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Will Youth be Served or Just Served Up at All-Star Game?

July 13, 1986|From United Press International

HOUSTON — In becoming the first rookie ever voted by fans to start an All-Star Game, Wally Joyner also symbolizes the shift of young talent to the American League.

The Angel first baseman is one of several young "naturals" in the majors, and all of them are playing in the American League.

That doesn't assure an AL victory in the 57th All-Star Game Tuesday night at Houston, but it emphatically ends the era when the National League had not only the biggest stars but depth as well.

Joyner, Oakland's Jose Canseco and Texas' Pete Incaviglia are all rookie hitters who could have some impact. Boston right-hander Roger Clemens can throw as hard as any of the National Leaguers who have overpowered the American League for years.

That group does not even include Minnesota outfielder Kirby Puckett, whom the fans have voted to the starting lineup.

"This is quite a thrill," Puckett said. "When I was in high school, I made an all-star team. I really didn't think I would make this one but I guess all the attention I got from my home runs paid off.

"To beat out a guy like Reggie Jackson, who is a sure Hall of Famer, is really exciting. He's one of the first guys I met in the pros and he's been very nice to me."

National League domination of the All-Star Game began in 1950, or three years after Jackie Robinson broke the color barrier.

Entering the 1950 game, the AL owned a 12-4 lead in the All-Star series. Since then, the NL has won 32 and lost 7 with 1 tie. The NL won last year's game in Minneapolis 6-1 and leads the series 36-19-1.

Joyner became a prominent baseball name before the season even began because it was he was replacing Rod Carew at first base for the Angels. In spring training, he impressed California manager Gene Mauch with his fielding. Then he showed he could hit, also. Through July 9, he owned 20 homers and was 6 behind Canseco's major league-leading total of 67 RBI.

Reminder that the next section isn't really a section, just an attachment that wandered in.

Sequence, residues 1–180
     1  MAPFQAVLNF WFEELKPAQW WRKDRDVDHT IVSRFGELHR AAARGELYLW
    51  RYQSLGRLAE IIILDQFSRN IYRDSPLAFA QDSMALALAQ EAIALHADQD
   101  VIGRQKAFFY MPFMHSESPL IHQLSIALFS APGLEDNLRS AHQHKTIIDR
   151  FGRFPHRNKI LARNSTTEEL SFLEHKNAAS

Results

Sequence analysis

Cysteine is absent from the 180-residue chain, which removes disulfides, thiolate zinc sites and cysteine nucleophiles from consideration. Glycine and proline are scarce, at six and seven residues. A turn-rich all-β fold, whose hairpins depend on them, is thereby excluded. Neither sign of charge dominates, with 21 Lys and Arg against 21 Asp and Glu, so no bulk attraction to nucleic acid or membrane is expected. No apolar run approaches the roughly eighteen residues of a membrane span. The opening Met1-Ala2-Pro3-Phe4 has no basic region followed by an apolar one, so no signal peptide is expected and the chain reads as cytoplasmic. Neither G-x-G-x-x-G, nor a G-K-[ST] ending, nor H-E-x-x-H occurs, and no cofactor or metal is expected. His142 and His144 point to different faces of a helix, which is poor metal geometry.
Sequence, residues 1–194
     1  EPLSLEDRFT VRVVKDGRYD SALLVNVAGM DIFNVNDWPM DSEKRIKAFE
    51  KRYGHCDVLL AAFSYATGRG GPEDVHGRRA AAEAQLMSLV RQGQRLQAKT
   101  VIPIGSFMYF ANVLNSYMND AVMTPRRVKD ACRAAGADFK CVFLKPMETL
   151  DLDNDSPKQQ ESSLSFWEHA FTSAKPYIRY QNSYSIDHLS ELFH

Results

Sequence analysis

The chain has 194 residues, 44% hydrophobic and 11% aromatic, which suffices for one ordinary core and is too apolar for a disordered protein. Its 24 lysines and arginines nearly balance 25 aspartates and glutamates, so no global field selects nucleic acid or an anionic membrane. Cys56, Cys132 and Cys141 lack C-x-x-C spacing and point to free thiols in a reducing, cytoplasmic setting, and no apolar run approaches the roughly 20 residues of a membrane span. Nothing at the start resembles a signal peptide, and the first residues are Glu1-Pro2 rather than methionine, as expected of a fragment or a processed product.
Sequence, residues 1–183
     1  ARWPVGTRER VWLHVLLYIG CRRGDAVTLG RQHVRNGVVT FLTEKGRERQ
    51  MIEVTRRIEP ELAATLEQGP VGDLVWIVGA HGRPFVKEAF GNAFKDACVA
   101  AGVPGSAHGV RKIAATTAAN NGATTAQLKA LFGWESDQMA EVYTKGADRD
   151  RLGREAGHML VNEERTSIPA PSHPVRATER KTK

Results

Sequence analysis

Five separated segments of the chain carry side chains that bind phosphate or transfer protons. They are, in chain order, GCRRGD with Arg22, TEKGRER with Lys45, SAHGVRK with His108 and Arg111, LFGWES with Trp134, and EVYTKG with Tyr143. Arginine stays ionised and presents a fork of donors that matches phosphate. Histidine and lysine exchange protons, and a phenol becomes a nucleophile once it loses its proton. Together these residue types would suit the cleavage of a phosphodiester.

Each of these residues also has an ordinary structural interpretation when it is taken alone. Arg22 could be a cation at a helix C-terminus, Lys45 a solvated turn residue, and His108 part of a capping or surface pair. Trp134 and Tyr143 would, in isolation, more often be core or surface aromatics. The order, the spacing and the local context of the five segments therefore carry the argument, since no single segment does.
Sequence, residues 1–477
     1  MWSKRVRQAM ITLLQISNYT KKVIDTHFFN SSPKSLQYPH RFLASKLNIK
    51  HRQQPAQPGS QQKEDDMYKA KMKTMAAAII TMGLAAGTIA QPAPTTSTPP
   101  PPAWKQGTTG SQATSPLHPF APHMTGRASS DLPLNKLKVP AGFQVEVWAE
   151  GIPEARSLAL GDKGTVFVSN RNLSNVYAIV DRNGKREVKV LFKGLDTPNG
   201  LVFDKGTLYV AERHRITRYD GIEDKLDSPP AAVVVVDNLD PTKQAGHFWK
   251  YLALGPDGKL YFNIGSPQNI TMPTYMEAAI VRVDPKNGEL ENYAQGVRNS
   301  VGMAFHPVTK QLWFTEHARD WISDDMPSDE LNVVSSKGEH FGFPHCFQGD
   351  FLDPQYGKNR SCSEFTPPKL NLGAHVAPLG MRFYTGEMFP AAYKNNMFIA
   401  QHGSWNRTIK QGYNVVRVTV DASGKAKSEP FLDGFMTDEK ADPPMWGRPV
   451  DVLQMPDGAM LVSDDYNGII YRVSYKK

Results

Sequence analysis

"Some people think my start is a fluke," Joyner said. "I'm not always mentioned with the other rookies. . . . When you get all the clippings, the pitchers get pumped to get you out. I just want to keep it low."

Puckett, through a late show of support, edged 14-time All-Star Jackson for one of three outfield positions. Puckett will be making his first All-Star Game appearance.

Other AL starters are New York Yankee outfielders Rickey Henderson and Dave Winfield, Detroit second baseman Lou Whitaker, Baltimore shortstop Cal Ripken, the league's leading vote-getter with 1,486,806, Kansas City third baseman George Brett, and Detroit catcher Lance Parrish.

In the National League, the New York Mets landed four players in the starting lineup, including Dwight Gooden as the starting pitcher. Outfielder Darryl Strawberry, first baseman Keith Hernandez and catcher Gary Carter have all been voted by the fans. They are joined by Atlanta's Dale Murphy and San Diego's Tony Gwynn in the outfield, Ryne Sandberg of Chicago at second, Ozzie Smith of St. Louis at shortstop, and Philadelphia's Mike Schmidt at third.

Dick Howser of Kansas City will lead the American League and Whitey Herzog of St. Louis will head the National.

Howser has named Clemens to start, setting up a dream matchup involving two of the hardest throwers in the game.

Seven of the eight pitchers chosen by Howser and AL president Bobby Brown will be making their first All-Star appearances. Joining Clemens as first time All-Stars are Don Aase of the Baltimore Orioles, Ted Higuera of the Milwaukee Brewers, Charlie Hough of the Texas Rangers, Dave Righetti of the New York Yankees, Ken Schrom of the Cleveland Indians and Mike Witt of the Angels.

Willie Hernandez of the Detroit Tigers, an All-Star the previous two years, completes the AL pitching staff.

The NL will have six newcomers on its 10-member pitching staff. Sid Fernandez of the New York Mets, Mike Scott and Dave Smith of the Houston Astros, Shane Rawley of the Philadelphia Phillies, Mike Krukow of the San Francisco Giants and John Franco of the Cincinnati Reds are the first-timers.

Gooden, Fernando Valenzuela of the Dodgers, Rick Rhoden of the Pittsburgh Pirates and Jeff Reardon of the Montreal Expos complete the staff as selected by Herzog and league president Charles (Chub) Feeney.

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